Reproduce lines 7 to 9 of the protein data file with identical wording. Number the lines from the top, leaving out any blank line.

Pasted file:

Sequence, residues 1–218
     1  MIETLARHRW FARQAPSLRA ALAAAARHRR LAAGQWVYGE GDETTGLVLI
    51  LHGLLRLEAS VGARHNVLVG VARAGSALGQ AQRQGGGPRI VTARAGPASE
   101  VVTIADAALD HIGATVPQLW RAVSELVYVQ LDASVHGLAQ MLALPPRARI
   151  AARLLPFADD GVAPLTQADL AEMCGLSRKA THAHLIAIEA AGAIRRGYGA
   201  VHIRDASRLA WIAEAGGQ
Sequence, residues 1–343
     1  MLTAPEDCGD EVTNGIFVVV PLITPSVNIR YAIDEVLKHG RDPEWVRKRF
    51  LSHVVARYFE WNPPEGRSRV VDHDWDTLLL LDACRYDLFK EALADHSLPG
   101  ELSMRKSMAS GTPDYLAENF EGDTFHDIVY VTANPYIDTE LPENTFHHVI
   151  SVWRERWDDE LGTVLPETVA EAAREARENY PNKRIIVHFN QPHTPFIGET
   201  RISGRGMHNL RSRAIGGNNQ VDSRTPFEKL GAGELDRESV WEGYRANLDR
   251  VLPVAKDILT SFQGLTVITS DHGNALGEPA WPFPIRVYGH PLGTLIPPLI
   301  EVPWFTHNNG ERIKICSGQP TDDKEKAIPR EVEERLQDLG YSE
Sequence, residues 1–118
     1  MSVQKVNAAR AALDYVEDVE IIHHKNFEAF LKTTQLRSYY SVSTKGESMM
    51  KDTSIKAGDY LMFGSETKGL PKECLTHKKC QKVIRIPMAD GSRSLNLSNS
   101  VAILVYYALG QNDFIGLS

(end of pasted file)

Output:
Sequence, residues 1–343
     1  MLTAPEDCGD EVTNGIFVVV PLITPSVNIR YAIDEVLKHG RDPEWVRKRF
    51  LSHVVARYFE WNPPEGRSRV VDHDWDTLLL LDACRYDLFK EALADHSLPG